, you should be. Founders Tom Reese and Paul Rubillo have put together a fin..."/>, you should be. Founders Tom Reese and Paul Rubillo have put together a fin..."/>, you should be. Founders Tom Reese and Paul Rubillo have put together a fin..."/>

HotStove Not Kind to Tigers Offseason


If you are not familiar with, you should be. Founders Tom Reese and Paul Rubillo have put together a fine site that collects all the news and rumors from around Major League Baseball. In addition to linking to mainstream media members (much like MLBTR), HotStove also frequently links to blogs, which I certainly appreciate, having been linked to a few times myself.

What sets them apart thus far is that they also host two or three daily chats with fans and a person covering some aspect of the sport, either in general or a specific team. In the past, our own Joe Dexter has been a guest and more recently, Kurt Mensching and Jason Beck have also appeared to talk Tigers. There really is a lot of good information and I strongly encourage all of you to go check them out.

But as far as their ranking of the Tigers offseason, there’s where we have a problem.

Mike Spiciarich posted the HotStove rankings last night, and you have to scroll a long, long way down the list before you find the Tigers, whom he ranked 22nd of the 30 teams. They ranked behind the Astros, whom most of baseball regarded as giving out two of the worst contracts this year (signing Brandon Lyon for $15MM and extending GM Ed Wade). They ranked the Tigers just ahead of the Mets, whose big offseason included the signing of roughly 19 backup catchers and Mike Jacobs.

Now I suppose reasonable minds can differ when evaluating offseason moves, but I have issue with the logic that Spiciarich appears to have used.

Like most of the mainstream media, Spiciarich is confused about Detroit’s offseason. Like Ken Rosenthal, Jon Heyman, and Lynn Henning, he assumed the Tigers were in severe cost-cutting mode when they made the trade of Curtis Granderson and Edwin Jackson, ignoring everything Dave Dombrowski said at the time. At no point were the Tigers talking fire-sale. In order to improve their financial flexibility, an adjustment had to be made. Kurt chronicled this quite well at BYB the other day.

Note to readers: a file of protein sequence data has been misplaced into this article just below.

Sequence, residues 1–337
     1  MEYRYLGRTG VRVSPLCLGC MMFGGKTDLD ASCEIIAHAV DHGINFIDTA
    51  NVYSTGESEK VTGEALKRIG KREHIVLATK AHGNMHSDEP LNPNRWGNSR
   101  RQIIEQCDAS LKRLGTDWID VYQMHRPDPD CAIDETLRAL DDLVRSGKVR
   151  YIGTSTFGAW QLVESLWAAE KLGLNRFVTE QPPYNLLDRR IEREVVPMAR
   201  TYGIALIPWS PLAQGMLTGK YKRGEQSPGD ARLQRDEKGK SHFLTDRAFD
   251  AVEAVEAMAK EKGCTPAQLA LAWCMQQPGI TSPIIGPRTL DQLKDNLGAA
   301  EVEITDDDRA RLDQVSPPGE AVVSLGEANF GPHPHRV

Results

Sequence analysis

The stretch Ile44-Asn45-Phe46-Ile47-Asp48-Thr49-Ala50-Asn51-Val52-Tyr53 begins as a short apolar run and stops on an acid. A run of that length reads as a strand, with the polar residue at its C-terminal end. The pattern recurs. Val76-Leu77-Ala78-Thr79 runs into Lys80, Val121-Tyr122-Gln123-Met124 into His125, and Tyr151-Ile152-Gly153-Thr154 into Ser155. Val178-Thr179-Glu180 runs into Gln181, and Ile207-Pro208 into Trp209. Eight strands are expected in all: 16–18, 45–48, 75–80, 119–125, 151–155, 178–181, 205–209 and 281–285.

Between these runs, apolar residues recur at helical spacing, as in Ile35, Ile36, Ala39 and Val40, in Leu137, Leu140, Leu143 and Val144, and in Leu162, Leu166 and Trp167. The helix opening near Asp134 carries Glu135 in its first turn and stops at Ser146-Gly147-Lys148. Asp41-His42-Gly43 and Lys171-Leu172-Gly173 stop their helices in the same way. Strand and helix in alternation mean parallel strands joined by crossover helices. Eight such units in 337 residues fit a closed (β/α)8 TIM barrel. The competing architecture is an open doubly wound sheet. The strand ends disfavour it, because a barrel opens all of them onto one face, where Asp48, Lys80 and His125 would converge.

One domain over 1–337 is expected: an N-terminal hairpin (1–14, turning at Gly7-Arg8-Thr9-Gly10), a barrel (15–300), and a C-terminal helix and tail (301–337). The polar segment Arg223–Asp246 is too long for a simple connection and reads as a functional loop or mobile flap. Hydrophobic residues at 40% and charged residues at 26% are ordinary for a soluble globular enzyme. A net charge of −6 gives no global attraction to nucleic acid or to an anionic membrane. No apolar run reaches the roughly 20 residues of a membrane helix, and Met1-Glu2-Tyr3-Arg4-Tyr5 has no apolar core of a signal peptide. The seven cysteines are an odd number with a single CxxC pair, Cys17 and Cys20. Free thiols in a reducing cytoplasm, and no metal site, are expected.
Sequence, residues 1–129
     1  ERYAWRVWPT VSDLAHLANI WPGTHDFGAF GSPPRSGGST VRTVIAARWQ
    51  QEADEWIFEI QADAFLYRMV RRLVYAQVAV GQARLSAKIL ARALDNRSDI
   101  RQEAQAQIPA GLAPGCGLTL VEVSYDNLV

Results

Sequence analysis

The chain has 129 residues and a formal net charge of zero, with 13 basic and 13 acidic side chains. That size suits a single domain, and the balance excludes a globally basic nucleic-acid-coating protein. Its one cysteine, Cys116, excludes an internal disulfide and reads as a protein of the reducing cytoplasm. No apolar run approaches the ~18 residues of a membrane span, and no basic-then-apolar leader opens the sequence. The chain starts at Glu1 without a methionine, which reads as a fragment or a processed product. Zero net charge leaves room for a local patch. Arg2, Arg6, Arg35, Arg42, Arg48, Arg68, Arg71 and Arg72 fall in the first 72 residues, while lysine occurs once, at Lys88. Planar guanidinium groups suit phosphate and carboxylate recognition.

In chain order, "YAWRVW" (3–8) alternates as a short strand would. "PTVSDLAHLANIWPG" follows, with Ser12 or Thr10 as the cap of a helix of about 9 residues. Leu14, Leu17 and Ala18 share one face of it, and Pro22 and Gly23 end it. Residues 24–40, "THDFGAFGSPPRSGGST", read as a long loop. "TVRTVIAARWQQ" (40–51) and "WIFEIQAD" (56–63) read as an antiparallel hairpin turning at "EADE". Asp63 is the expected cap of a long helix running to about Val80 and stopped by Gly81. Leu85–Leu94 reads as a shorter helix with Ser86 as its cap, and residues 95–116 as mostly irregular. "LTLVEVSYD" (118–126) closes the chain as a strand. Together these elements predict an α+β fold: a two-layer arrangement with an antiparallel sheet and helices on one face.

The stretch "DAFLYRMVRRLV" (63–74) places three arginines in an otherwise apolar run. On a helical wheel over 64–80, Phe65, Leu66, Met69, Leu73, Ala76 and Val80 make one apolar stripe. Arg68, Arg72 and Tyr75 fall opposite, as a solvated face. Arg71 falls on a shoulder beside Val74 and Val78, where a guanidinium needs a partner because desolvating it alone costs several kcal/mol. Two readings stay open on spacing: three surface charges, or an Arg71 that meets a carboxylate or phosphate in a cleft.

But instead of doing the necessary research, Spiciarich decided to criticize that which he did not understand, much the same way Dayton Moore does with the new statistics of baseball.

Spiciarich blasts the Tigers for signing Jose Valverde, but makes no mention of the fact that both of the Tigers late-inning relievers from 2009 were lost to free agency. He also is severely overvaluing the loss of the first-round draft pick the Tigers surrendered, and does not mention the two supplemental picks Detroit picked up for losing Lyon and Fernando Rodney.

"So, the team swapped two of its best players (Jackson and Granderson) and its first round pick for a guy with questionable mechanics (Max Scherzer), Valverde, three mid-level prospects (Daniel Schlereth, Phil Coke, Austin Jackson), and now Damon.Maybe I am missing something, but the logic baffles me. The fans in Detroit deserve better."

It’s true, Mike, you are missing something here.

The Tigers enter 2010 with roughly the same payroll as 2009, but in a much better position to compete long-term. While losing Granderson the personality hurts the fan base, the Tigers replace him with a young outfielder (Austin Jackson) who projects to be at least as good as he was, and is under team control for five more years, and at a significantly smaller salary. Austin Jackson is no mid-level prospect. He was ranked as the no. 2 prospect in the Yankees organization and as high as no. 26 in baseball a year ago.

When they saw they could upgrade the offense, Mike Ilitch wasn’t shy about spending his savings from the trade, and added Johnny Damon, who is a better overall hitter than Granderson hands down.

They got younger and cheaper and probably more talented in the rotation by swapping Jackson for Scherzer, and they addressed the bullpen situation by adding an established closer. And not just any closer, the best available closer.

And as far as the first round pick goes, the Tigers actually gained a pick over the winter, essentially swapping a first rounder for two sandwich picks. If you consider the new contracts of both Lyon and Valverde, the Tigers traded Lyon and his $15MM in salary along with the 19th pick in the draft for Valverde ($14MM) and a pick somewhere around no. 38. I think the difference in talent between Lyon and Valverde more than makes up for the 20-ish slots between the two picks, especially when you factor in the unpredictable nature of draft picks.

Overall, Spiciarich graded the Tigers at a C- and projected the future as a D based on the loss of the draft pick. I suppose if looked at in a vacuum, one could make this judgement, but when you actually take time to look at the whole picture and factor in the savings on long-term salary, not only would I grade the offseason at least a B, I think the future is bright in Motown.